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Tamiya Type 74 1/35

I’ve always liked the Type 74. Part of the reason was that this tank was similar to the Swedish S tanks that could alter the hull’s angle and height with its hydroneumatic suspension. The kit went together well. The only issue I had was me temporarily misplacing the sledgehammer and one of the decals disintegrating. Painting and making the snow on the other hand is a different story.

Once again, I throw the kit together nicely and fall on my face with every step after that, or at least stumble. The painting guide called for JGDSF Green and Flat Earth. I had left over JGSDF OD so I used that instead. The Flat Earth didn’t quite look right so I did some blending with NATO Brown. Putting the white on top was a mess. Long story short a few poorly timed shivers resulted in a lot more white than I wanted. I probably would have benefited from just spraying everything white and then doing the camo over again, but instead I was a little lazy and just resprayed some OD over the white and then misted white over that to get the soft white edge and light speckles.

Weathering and putting the snow on was an experience. I bought the Mig Streaking Grime. I’ve seen a lot of people use it where they put down a layer of enamel thinner than dots of the grime. They wait a second then brush gently spreading the grime and picking up excess. What I failed to realize is that no one I’ve watched ever put it on a white surface. So what was a comparatively small amount, almost looked like I sprayed Tamiya’s Clear Red over the entire model. Panic ensued, but sensibility returned and some more thinner on a cloth allowed me to wipe most of it off while still faintly leaving the effect. Behind the road wheels I used pigment fixer for the first time. It made the pigment dissolve into more of a stain. The color was much different than when the pigment is dry, or even wet with the brown wash or water that I’ve been using. Perhaps if I let the pigment dry it would have looked more like what I’m used to. There also could have been an issue as the Vallejo pigments say they can be mixed with water and acrylics where as the mig pigments say they can be fixed with enamel thinner or pigment fixer. I used the Vallejo pigments. This could be the issue or this could be the intended result or possibly my method of wetting the surface with the fixer and stippling the pigment produces a different result than what I’m used to. Either way, I do like the stained look. I put a little of the Mig Wet Mud on top of this dirt.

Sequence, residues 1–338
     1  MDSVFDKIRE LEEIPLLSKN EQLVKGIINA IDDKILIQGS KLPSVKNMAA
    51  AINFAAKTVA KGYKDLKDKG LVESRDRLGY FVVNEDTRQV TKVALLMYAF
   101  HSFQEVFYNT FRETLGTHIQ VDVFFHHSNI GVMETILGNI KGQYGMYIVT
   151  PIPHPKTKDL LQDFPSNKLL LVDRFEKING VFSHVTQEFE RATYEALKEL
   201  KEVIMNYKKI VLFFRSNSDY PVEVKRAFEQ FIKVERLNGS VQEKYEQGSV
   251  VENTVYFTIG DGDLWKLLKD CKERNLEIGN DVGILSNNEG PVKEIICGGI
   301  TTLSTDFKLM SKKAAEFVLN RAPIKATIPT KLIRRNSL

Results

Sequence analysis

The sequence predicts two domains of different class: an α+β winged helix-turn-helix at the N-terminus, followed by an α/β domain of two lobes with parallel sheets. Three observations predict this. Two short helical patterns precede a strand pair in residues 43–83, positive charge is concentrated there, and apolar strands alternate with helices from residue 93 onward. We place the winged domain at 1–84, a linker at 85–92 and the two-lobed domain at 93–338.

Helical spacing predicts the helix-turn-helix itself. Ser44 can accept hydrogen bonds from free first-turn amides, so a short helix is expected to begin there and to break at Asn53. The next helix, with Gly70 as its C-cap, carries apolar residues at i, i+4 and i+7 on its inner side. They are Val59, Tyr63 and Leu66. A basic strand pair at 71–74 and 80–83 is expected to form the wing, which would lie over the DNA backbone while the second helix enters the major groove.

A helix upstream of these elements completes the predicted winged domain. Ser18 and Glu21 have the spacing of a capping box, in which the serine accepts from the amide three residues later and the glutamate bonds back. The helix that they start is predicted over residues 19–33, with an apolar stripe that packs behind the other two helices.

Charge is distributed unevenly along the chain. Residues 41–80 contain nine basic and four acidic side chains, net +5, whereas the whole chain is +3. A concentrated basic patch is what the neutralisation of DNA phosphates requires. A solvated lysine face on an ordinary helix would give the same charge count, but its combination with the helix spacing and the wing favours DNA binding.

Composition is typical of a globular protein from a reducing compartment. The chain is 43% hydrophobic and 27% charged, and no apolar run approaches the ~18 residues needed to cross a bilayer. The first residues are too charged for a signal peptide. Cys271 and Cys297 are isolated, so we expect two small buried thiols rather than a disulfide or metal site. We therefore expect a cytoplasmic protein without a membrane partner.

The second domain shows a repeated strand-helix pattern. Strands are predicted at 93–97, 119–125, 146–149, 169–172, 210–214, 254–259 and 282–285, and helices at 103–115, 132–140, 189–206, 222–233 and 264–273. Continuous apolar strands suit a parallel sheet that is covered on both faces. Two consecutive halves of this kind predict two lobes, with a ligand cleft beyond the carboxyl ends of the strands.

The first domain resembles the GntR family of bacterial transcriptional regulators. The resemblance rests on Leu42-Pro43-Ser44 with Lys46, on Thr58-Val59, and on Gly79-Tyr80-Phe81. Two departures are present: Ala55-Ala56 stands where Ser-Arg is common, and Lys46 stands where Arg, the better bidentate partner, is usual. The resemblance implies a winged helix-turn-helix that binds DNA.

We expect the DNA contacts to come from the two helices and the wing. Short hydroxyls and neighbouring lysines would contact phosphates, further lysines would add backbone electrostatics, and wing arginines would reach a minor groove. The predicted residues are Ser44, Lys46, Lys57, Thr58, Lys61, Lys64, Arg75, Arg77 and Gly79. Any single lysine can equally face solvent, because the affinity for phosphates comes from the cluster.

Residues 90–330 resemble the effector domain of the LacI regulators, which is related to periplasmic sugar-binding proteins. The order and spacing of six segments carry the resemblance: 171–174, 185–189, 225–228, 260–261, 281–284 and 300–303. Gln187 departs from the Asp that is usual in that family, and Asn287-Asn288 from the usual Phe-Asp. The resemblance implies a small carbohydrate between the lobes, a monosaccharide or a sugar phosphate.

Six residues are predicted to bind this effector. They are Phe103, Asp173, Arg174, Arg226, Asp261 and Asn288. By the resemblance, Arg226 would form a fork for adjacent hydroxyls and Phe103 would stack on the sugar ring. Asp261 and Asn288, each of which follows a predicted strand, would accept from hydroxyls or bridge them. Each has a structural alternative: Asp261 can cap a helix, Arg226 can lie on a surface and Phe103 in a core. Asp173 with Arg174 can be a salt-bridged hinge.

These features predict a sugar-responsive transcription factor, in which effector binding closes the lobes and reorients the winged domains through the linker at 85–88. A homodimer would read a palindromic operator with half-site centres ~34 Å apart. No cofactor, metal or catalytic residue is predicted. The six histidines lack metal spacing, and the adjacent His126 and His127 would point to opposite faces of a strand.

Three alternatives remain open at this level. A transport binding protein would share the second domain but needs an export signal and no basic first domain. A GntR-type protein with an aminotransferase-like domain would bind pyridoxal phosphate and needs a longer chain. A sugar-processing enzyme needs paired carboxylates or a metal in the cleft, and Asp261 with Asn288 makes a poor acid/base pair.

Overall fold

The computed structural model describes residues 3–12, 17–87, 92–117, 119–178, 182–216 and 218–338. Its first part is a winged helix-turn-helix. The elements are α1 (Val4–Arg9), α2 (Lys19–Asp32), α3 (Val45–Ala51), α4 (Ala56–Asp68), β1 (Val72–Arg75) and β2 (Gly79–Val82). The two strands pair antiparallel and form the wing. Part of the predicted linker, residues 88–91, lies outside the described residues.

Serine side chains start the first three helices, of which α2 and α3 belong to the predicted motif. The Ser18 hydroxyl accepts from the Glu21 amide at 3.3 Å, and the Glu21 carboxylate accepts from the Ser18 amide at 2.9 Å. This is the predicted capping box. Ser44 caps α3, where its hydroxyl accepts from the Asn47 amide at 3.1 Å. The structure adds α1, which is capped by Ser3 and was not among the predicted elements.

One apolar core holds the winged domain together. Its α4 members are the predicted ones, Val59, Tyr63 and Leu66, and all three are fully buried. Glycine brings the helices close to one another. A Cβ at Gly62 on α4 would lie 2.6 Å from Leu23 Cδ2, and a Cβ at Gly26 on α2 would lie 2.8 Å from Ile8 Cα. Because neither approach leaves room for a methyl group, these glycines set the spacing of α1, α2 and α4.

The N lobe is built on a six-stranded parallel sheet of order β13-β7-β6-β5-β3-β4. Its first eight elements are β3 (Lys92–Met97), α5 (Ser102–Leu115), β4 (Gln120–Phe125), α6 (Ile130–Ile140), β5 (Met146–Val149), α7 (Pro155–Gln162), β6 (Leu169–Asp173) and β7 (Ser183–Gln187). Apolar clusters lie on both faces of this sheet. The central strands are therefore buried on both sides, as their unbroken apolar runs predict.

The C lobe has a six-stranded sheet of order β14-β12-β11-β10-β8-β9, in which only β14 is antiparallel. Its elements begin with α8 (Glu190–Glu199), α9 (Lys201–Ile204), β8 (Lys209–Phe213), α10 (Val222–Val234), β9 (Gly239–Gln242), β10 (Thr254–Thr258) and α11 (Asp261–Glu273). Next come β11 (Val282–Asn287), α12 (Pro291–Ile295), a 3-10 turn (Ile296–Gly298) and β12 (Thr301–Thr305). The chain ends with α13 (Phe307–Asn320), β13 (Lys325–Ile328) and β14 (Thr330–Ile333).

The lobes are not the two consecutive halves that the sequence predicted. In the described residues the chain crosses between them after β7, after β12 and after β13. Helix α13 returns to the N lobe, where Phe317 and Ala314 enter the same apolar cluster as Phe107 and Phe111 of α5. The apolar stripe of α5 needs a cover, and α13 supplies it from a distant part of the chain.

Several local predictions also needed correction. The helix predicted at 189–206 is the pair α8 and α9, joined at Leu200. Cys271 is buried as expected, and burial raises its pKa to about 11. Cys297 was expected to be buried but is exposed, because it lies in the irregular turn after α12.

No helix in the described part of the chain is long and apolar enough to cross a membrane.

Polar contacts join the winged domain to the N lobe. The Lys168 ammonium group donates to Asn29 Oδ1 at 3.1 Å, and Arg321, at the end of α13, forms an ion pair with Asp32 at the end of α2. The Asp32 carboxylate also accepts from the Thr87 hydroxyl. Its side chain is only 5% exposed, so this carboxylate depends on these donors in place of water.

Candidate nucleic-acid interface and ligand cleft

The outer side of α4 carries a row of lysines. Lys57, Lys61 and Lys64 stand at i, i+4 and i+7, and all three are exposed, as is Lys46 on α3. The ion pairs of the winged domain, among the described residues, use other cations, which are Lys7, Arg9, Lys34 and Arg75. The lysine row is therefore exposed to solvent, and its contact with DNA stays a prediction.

Making and applying the snow was a much larger ordeal than I thought it would be. The first batch of snow I made to test came out fairly well. I went equal parts baking soda, white paint, and white glue. I put this lightly over the mud and it looked good, for a few hours then when it fully dried, it looked like just the cheap white acrylic paint. This wasn’t necessarily a bad thing as there would, or at least shouldn’t be intact snow crystals after it gets mixed with mud and run over by a tank. I tried to use variations of this mixture for the rest of the tank, but it all looked too flat, lacking any individual crystals of the baking soda. I tried just glue and baking soda, but that still looked a little odd to me. I ended up oversaturating water with baking soda and adding a little glue.